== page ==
Osprey's study of the African Americans' involvement in World War II (1939-1945). Despite the contribution of black units to the American Expeditionary Force in World War I (1914-1918), and the commissioning of hundreds of black officers to lead them, the small interwar US Army continued to regard them as unsuited to both leadership roles and handling modern technology. Although African Americans had to strive against prejudice for every chance to show what they could achieve, in fact the wartime US Army conceded opportunities for leadership unparaleled in American civil society at that date. In World War II tens of thousands served in segregated units. While the majority were denied the opportunity of combat, a minority of all-black, black-officered units proved their worth in all theaters and a number of roles: black officer fighter pilots (the "Tuskegee Airmen") blazed the trail, followed by several tank and tank-destroyer battalions and a few field artillery units; and more than 20,000 black infantrymen served under both white and black officers. The Army also created the first fully integrated units, whose success prompted President Truman to order the complete integration of the military in 1948. The US Navy and Marines were slower to allow blacks to serve in combat roles and to commission black officers, but by 1945 two complete ships' companies were composed of African-Americans (though with white officers).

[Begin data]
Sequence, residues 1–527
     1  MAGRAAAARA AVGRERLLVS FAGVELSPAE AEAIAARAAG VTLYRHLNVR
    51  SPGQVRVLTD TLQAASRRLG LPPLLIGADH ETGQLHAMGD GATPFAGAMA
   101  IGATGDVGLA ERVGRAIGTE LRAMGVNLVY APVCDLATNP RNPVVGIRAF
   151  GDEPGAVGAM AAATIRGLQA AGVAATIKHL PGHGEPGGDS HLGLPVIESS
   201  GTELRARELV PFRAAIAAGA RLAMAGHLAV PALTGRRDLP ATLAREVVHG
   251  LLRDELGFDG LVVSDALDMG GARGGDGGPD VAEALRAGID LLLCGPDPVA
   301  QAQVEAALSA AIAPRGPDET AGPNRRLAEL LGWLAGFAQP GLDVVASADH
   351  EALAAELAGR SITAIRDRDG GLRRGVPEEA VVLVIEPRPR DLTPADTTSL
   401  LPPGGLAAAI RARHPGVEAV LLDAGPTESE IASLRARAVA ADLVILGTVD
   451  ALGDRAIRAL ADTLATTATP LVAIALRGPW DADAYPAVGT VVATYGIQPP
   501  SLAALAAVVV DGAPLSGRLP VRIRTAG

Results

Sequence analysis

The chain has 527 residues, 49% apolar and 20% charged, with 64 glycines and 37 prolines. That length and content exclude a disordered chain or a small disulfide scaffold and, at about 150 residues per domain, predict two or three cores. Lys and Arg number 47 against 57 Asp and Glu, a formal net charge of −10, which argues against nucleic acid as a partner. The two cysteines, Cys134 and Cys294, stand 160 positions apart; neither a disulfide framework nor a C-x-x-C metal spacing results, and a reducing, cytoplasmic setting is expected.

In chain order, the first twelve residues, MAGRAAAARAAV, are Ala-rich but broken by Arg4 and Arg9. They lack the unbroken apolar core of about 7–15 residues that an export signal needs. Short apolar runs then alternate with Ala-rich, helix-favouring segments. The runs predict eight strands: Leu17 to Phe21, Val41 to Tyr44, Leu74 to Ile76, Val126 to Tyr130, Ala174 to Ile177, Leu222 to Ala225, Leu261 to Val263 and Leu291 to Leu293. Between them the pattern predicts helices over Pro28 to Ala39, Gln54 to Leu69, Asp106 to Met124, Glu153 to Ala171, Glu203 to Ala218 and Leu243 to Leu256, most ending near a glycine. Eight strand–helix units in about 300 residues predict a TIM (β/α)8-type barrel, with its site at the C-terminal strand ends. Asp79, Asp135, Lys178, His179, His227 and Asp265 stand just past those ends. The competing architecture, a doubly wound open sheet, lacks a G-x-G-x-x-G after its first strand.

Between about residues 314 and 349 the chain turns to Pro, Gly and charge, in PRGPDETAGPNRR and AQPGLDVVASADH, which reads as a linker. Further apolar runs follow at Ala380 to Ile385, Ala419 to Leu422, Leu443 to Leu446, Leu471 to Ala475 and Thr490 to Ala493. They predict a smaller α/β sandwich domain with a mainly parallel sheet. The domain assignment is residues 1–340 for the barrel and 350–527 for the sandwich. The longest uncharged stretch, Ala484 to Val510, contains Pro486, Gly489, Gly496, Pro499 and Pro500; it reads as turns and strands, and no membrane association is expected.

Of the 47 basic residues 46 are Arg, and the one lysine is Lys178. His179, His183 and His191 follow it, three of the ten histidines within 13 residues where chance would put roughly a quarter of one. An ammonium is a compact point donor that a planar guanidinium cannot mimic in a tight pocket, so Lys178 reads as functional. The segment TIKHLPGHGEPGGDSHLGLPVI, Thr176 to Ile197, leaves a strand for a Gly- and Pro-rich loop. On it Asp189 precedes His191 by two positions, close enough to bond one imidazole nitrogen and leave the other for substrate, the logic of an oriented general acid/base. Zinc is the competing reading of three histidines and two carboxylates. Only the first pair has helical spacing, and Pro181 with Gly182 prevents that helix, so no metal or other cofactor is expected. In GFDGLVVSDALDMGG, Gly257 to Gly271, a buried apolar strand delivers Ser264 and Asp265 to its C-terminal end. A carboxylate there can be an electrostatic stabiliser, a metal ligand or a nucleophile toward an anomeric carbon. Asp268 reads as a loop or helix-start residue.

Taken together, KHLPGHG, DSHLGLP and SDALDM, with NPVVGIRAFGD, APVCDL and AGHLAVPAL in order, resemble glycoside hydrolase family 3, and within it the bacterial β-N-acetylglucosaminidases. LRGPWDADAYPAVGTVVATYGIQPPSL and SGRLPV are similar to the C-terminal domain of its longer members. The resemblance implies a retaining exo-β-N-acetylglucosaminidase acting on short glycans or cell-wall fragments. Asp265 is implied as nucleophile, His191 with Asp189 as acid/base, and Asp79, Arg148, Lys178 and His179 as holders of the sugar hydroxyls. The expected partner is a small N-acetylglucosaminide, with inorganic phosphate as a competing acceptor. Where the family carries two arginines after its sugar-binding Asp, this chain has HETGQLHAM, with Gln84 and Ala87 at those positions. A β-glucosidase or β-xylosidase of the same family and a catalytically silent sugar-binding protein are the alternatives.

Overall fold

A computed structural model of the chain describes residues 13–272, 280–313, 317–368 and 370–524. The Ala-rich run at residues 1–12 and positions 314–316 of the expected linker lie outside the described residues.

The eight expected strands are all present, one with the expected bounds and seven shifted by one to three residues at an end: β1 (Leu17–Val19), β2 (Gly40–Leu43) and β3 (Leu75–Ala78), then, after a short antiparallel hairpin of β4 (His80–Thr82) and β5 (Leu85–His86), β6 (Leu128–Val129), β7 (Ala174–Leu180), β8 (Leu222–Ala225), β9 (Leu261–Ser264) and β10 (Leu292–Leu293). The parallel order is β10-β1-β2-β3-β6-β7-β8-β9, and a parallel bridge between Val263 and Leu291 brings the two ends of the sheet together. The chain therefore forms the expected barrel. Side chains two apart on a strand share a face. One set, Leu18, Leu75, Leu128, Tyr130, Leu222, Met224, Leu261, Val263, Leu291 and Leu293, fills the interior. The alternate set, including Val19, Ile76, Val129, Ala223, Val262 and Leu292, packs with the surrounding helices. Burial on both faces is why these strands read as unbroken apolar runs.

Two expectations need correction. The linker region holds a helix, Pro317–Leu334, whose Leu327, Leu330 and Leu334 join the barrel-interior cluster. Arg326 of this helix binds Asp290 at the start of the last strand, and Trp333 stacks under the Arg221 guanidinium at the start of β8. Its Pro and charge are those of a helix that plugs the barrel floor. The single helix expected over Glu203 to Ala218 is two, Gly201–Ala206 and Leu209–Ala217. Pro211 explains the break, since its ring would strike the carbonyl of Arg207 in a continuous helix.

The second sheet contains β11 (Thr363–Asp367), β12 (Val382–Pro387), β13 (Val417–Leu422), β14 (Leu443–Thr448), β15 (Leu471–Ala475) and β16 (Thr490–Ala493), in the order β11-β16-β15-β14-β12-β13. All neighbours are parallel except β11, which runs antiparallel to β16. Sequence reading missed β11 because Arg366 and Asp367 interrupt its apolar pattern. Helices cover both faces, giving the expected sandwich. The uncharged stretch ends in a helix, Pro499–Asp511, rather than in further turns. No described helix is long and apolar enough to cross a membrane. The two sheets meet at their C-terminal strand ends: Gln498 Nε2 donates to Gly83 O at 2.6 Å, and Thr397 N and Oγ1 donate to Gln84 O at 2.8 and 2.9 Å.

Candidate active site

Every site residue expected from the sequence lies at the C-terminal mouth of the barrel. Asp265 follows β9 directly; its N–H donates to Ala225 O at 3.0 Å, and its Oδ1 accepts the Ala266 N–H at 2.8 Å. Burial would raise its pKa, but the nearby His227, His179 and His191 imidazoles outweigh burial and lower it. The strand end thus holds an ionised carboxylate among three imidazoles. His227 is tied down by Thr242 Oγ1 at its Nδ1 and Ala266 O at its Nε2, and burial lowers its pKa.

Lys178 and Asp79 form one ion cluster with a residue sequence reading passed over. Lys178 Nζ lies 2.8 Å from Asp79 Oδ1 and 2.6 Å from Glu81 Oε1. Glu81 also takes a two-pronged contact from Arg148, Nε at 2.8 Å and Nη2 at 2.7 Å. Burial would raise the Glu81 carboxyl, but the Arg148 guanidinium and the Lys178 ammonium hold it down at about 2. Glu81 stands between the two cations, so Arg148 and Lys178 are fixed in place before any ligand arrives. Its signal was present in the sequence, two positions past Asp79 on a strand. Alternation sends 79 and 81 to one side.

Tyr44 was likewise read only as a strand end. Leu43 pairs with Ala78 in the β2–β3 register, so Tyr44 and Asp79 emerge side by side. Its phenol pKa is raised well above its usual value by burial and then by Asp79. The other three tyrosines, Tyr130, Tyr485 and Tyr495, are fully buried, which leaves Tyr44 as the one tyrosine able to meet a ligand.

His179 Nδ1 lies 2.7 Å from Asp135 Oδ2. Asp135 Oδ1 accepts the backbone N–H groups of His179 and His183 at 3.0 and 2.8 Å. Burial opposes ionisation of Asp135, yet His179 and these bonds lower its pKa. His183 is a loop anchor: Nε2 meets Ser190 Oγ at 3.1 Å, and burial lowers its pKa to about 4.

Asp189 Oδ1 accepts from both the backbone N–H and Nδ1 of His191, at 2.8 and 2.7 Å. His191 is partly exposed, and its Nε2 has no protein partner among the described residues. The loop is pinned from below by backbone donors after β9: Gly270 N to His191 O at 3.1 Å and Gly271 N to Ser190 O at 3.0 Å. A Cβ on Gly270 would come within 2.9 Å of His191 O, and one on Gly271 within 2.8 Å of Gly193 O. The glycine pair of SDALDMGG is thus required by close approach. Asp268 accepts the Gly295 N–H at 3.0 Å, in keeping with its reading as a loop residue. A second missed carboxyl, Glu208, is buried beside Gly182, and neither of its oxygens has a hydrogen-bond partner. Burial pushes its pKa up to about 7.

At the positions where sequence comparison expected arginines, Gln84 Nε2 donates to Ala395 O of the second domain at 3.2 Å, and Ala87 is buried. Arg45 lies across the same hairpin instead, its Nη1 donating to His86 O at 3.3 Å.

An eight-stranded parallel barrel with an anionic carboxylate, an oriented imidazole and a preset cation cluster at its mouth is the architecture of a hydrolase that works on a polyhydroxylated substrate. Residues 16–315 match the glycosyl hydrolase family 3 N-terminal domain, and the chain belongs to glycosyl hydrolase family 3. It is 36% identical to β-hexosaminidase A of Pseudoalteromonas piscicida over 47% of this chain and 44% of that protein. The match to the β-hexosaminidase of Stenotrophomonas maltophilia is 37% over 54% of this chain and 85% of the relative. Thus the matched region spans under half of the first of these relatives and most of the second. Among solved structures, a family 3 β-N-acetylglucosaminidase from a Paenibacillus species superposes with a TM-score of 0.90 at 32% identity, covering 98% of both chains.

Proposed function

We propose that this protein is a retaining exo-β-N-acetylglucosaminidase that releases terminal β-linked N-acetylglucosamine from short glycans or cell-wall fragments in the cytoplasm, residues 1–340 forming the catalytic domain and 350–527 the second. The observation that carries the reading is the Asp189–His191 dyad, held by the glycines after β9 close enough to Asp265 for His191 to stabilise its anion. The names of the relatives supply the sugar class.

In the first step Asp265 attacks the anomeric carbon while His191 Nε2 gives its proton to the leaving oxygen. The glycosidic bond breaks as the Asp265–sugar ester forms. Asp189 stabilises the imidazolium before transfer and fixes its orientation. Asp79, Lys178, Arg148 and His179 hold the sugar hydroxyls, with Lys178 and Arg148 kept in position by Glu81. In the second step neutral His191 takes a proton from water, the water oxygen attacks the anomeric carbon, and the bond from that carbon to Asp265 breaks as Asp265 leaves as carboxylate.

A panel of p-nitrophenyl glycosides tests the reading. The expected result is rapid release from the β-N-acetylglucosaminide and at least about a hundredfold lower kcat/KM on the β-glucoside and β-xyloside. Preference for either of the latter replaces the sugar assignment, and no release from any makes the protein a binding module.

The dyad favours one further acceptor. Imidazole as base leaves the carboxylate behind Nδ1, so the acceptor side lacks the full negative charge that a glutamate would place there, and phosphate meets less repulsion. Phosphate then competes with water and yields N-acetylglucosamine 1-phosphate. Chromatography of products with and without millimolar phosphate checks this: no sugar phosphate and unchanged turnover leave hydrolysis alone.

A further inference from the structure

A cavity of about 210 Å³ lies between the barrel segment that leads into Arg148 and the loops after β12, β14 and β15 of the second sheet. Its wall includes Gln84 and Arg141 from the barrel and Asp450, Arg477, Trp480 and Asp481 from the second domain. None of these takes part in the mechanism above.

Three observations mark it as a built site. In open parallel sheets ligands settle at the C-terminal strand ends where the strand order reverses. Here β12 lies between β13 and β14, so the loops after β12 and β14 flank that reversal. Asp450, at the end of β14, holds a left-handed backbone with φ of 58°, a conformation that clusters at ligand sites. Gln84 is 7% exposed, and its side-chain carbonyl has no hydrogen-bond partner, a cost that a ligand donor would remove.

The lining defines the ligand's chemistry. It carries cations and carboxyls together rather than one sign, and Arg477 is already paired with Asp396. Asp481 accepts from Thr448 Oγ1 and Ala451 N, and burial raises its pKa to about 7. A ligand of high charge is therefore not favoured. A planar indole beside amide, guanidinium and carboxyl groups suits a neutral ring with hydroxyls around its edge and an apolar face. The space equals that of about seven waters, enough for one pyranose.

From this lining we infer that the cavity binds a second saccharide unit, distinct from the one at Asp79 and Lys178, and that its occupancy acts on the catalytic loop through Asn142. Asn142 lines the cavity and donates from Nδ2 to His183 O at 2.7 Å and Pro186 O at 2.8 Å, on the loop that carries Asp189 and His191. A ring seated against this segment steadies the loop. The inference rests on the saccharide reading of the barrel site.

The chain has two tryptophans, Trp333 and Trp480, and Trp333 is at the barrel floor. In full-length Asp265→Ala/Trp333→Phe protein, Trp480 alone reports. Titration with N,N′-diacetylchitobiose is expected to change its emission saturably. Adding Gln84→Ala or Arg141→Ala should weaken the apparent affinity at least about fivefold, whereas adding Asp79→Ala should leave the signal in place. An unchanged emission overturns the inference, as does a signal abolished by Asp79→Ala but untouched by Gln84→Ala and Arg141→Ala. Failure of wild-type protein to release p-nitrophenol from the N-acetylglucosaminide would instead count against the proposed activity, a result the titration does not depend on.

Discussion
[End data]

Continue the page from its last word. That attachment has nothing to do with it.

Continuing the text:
Following the Battle of Wounded Knee in 1890, the US Cavalry were called into action again with the declaration of war against Spain in 1898. In the years that followed, cavalrymen saw action in a wide variety of theaters. This title takes a close look at the formation and experiences of the average cavalryman in this fascinating period of change and development, and also considers the cavalry officer corps. Numerous developments in dress, training, equipment, weaponry and tactics are all covered here.
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